the quantity of ice can be obtained.
Since the dimen
sions of the evaporator shell determine largely the physi
cal space occupied by the machine, a substantially greater
quantity of ice can be produced from a machine occupy
ing a given ?oor area. The heat exchange surfaces on
which the ice is formed are likewise more than doubled,
with permits a more efficient utilization of the equipment.
With the conventional machines as described above,
there will be some heat absorption through the exterior
surface of the shell which represents wasted power. Un
der my present invention, there is no heat waste from that
surface.
Again, with the conventional machine, the above de
scribed ice harvesting blades are carried by a blade car
rier which in turn is mounted on a shaft extending axially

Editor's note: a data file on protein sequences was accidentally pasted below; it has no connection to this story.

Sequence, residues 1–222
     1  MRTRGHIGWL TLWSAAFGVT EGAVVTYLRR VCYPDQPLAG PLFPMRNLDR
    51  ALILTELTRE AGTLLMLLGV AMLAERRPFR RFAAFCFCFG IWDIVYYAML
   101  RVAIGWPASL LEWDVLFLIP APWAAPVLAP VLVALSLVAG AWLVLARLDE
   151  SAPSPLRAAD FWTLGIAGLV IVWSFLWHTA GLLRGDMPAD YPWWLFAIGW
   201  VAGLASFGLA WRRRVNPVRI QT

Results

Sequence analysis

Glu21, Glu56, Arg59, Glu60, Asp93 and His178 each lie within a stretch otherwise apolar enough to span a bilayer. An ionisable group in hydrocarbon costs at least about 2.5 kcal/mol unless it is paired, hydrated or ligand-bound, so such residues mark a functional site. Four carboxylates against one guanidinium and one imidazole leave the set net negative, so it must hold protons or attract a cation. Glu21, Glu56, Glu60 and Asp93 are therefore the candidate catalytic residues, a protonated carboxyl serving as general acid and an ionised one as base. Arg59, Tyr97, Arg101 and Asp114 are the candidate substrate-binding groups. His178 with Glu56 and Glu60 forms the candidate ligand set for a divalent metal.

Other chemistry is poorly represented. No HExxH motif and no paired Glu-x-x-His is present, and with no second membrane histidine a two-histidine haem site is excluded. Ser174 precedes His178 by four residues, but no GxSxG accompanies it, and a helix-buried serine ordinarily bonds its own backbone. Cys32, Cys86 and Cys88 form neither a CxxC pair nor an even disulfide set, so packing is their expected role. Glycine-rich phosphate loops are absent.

up through the center of the evaporator shell, which is
as viewing the right hand structure of FIG. 8 from the left
side thereof;
FIG. 10 is a side elevation of the blade mounting struc
ture and may be regarded as viewing the structure of
FIG. 9 from the right side thereof; and
FIG. 11 is a fragmentary side elevation of the ma
chine taken substantially from the line 111—11 of FIG. 2,
looking in the direction of the arrows.
The embodiment of my invention illustrated in the
drawings includes a radial four armed base 12 which
consists of two plates 14 and 16 secured together in a
T shape, plate 16 meeting the center of plate 14, to
stand on their edges and constituting three arms of the
base. The fourth arm of the base is a pipe 18 which is
welded at one end to the center of plate 14 to extend
perpendicularly away therefrom oppositely to plate 16.
The other end of the pipe is secured in open communica
tion with rectangular return chamber 26, the bottom 22
a very substantial thrust on the bearings supporting this 50 of which lies in the same plane as the bottom edges of
the plates 14 and 16, and, with the plates, makes up the
shaft due to the tendency of the blades to ride out of